Re: Verse reading–Ezekiel 10:18-19; 11:22-23; 40:1-2; 43:1-9 (day seven)
“They defiled my holy name by their detestable practices. So I destroyed them in my anger. Now let them put away from me their prostitution and the lifeless idols of their kings, and I will live among them forever.” (43:8-9) When the Bible says that “His mercies are new every morning” (Lamentations 3:23) it means the Eternal One is not discouraged or weary with His plan to restore the world. Our sin has not defeated Him, nor changed His promise, nor weakened His bright resolve! True, our rebellion has been very costly to us and our children and the cosmos, but THE VICTORY IS AS CERTAIN AS IT HAS EVER BEEN. What a privilege it is to receive this gracious invitation. “Put away” the practices of sin! He will “live among” us forever. What is out of balance will be restored to an eternal equilibrium. It is an unchanging offer of grace from an undiscouraged God.
Re: Verse reading–Ezekiel 10:18-19; 11:22-23; 40:1-2; 43:1-9 (day six)
“And I saw the GLORY of the God of Israel coming from the east. His voice was the roar of rushing waters, and the land was radiant with his GLORY.” (43:2) “Mine eyes have seen the GLORY of the coming of the Lord.”—Julia Ward Howe. Whether civil war song or prophet’s vision, the hope is the same. Christ will come to His people with great GLORY. The Hebrew word for GLORY is kabod. It came from the word kabed which meant “heavy”. Heavy as compared to plastic or disposable. A contrast to a world that is not real, substantial and eternal. Ultimately, His GLORIOUS coming is the only hope for this sin-sick, self-spent world. God, Himself, will be the light and the justice. “For the Son of Man is going to come in the GLORY of His Father with His angels, and will repay every man according to his deeds.” (Matthew 16:27) GLORY? GLORY. Hallelujah!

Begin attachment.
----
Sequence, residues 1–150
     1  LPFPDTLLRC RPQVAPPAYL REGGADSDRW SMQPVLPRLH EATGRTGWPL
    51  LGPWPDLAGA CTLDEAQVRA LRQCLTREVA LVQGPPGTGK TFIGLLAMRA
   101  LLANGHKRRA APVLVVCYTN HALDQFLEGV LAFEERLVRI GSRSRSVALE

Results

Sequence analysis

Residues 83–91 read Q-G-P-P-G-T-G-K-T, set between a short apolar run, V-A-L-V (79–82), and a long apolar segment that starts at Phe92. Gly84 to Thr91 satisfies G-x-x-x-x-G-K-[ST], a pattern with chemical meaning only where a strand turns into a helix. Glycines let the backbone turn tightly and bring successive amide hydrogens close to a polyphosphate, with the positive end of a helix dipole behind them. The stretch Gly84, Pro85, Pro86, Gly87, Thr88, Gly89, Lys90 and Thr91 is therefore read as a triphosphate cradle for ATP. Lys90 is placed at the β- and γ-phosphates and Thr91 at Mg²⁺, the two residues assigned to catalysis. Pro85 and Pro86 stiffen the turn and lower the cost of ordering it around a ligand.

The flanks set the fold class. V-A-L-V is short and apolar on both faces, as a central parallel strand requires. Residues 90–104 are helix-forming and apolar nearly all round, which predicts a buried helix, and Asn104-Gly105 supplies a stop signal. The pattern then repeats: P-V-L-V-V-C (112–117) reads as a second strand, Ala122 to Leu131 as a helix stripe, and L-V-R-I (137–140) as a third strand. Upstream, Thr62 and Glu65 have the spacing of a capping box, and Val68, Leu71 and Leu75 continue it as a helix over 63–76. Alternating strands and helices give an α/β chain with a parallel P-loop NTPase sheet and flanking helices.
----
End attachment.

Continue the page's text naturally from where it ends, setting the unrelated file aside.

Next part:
Re: Verse reading–Ezekiel 10:18-19, 11:22-23; 40:1-2; 43:1-9 (day five)
In the verses between the listed passages is an ironic scene. Found in the first few verses of chapter 11, Ezekiel is now at the east gate where 25 “leaders” are discussing new building projects for the city. Really??!! Talk about clueless!! The irony is two fold: 1-They are totally unaware of the destruction taking place, 2- They are in the very spot where the Glory of the Lord just passed. What a sad picture of a leader. Good leaders recognize where God’s presence is, and where it isn’t. Good leaders strive to understand God’s plan and purpose. Good leaders listen, look, and learn so that they can influence others to find the Lord. Good leaders are desperate for God’s presence to be where they are (homes, churches, nations). May all who lead, learn these lessons!!
RE Verse reading–Ezekiel 10:18-19, 11:22-23; 40:1-2; 43:1-9 (day four)
At least two things permeate this passage…the glory of God and His promise of hope. Ezekiel’s visions are of the indescribable majesty and glory of the Lord. Israel’s disobedience has separated them from God’s glory. It was Ezekiel’s job to deliver God’s message to His people. If Israel would put away their harlotry and repent of their iniquities, God would dwell among them forever. This was 25 years into their captivity of 70 years…it was the beginning of Passover. Passover was a celebration of God’s deliverance of Israel from Egypt. Here He was promising to do it again. All Israel had to do was repent and turn from their disobedience and God would live among them forever. Forgiveness from sin, eternal life…what a promise. Don’t you wish we could have a promise like that?
Re: Verse reading–Ezekiel 10:18-19; 11:22-23; 40:1-2; 43:1-9 (Day Three)
“Now let them put away from me their prostitution and the funeral offerings for their kings, and I will live among them forever.” The words of the prophet Ezekiel join the writing of John in Revelation as brimming with the most hope in all of scripture. John writes: “And I heard a loud voice from the throne saying, ‘Now the dwelling of God is with men, and he will live with them.’” To live among us—this is what God intends. It is the future of the human race—those of that race who count on Christ. How will you live today—what will you think about, where will you go, what will you give your time to—knowing that God will make his home among us?
Re: Verse reading–Ezekiel 10:18-19, 11:22-23; 40:1-2; 43:1-9 (day two).